The business benefits of actively managing email

Emails are the cornerstone of B2B communication, and they have completely transformed the way we conduct business transactions or launch marketing campaigns. This is not a small amount of pressure to put on one communication tool, especially since the email just turned 47 this year by witnessing and withstanding so many changes. No matter how much instant messaging has changed the communication world globally, when it comes to professional correspondence, the email is not going anywhere.

As with any great tool, the email has its flaws, which are not connected to the service itself, but to the way people are using it. The second most time-consuming task during a workday, after “role-specific tasks”, is reading and replying to the emails in the inbox. The information flow is what keeps most business today running, but the employees that are managing and analyzing this information spend more than enough time doing it. So it’s inevitable to pose the question of email management and productivity.

Some businesses use email management software’s that can help them boost the overall team efficiency. This is achieved by integrating business productivity apps (Slack, Asana, Todoist and others) and features in one place, which makes it easier and faster for employees to communicate. A good email client has full integration capabilities and native options that allow for better email management like an inline reply, quick action bar, preview and search of attachments, contact manager, and others. The most popular email clients today are Outlook, Airmail, Mailbird etc.

How to manage email effectively

The average worker gets over 300 emails during a workweek and spends approximately four hours a day looking at the messages in the inbox. If we assume that a work day should be eight hours a day, then half of that time is spent on emails.

As a business owner, you are aware that sometimes emails can be a distraction that messes with the focus and the productivity of your team, and that is why we wrote this article. We are going to give you some tips about drafting an efficient email policy for your company. You can try them out and see what works for your employees and what doesn’t.

Set aside time to read and respond

Having a designed email time during the day can help boost productivity. You can draft an email schedule where after three to four hours of working, you set aside 30 minutes for reading what’s in your inbox. Even though this may seem complicated at first, it will help you keep your workflow on a higher level without getting distracted or interrupted by emails. If you’re worried that you might miss an ASAP email, there is always another way you can be reached, like instant messaging (Slack) or a phone call. Try putting “reading and responding to emails” in your to-do list, and see what happens when you schedule your email time.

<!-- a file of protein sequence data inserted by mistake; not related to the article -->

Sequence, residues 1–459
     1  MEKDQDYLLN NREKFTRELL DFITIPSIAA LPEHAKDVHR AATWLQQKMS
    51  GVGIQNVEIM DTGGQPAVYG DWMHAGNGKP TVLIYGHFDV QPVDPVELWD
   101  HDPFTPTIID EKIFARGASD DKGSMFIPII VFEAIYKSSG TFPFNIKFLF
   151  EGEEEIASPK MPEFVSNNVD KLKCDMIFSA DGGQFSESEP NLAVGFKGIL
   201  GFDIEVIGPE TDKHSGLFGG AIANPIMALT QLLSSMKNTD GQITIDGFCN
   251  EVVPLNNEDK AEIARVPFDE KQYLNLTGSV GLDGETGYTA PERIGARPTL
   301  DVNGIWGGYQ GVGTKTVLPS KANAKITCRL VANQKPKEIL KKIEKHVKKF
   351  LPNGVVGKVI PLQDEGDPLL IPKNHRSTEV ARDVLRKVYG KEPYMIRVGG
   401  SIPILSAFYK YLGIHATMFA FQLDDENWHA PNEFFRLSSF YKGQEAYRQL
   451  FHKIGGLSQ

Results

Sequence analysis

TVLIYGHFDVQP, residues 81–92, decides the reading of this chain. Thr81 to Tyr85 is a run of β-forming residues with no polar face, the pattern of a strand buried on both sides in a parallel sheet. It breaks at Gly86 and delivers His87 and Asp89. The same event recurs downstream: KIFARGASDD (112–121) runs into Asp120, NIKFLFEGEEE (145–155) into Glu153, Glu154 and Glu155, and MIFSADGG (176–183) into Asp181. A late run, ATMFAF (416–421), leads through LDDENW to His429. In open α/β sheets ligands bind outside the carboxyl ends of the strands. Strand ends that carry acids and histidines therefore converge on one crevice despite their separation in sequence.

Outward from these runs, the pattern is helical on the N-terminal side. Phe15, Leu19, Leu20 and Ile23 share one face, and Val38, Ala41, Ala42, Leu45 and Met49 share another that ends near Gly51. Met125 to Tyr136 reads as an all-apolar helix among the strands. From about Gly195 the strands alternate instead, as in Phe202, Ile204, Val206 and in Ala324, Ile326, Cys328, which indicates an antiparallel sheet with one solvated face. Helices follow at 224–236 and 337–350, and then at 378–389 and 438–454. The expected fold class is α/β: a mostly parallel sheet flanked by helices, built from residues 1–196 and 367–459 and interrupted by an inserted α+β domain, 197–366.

Not every email is important, as that some of them are spam or promotional offers or just circular emails that don’t contain significant content about a project. This is where prioritising comes into play. If an email is not a priority for you that day or it doesn’t require an immediate response, then you can let it sit for a time when you are not swamped with other work tasks. Learning how to prioritise the emails in your inbox can save you a lot of time and headaches down the line.

Take immediate action

According to the author of “Getting Things Done”, David Allen, you should follow the “two-minute” rule when it comes to responding to emails. What is the “two-minute” rule? Every time you get you an email you need to access how important it is, and does it take more than two minutes to respond to it. If it’s important, you have to take immediate action anyway, but if it’s not and it would take you more than two minutes, you can delay it for later when you have more free time. The emails that can be read and replied in that two-minute timeframe should be dealt with right away. Using this simple trick every day, you could unclutter your inbox in a matter of weeks.

Use labels, folders and categories to organise your inbox

The best way to eliminate stress and anxiety when it comes to your inbox is to keep it clean and organised. It sounds like a wish that it’s too good to be true, but it’s more then possible if you learn how to categorise emails in proper folders, and if you put some labels on them. You can set up a filing system, with categories like “Action”, “Waiting”, “Reference”, and “Archives”, or you can label the emails according to the client (project), then the time to find an item or answer it is going to be cut in half.

Reuse sent messages or use a template

Do you know any lawyers, or at least do you know how they conduct business? Most of the time, when they are drafting a contract, they use layouts and templates. This is the one tip you should take from the legal practice, and that is creating a reusable draft for saving time while responding to emails.

Furthermore, if you have an email with a wording that is very professional and appealing to you, save it for later. You might use it tomorrow with a different client. Moreover, that is how copywriters work.

Unsubscribe from anything irrelevant

If you have any subscriptions that you though are very important when you were starting out in your field, but now they are just cluttering your inbox, you should get rid of them. It is human psychology to keep unread emails in our inbox because we might find some free time later in the day to read them. However, that almost never happens, so do yourself and your inbox a favour and unsubscribe.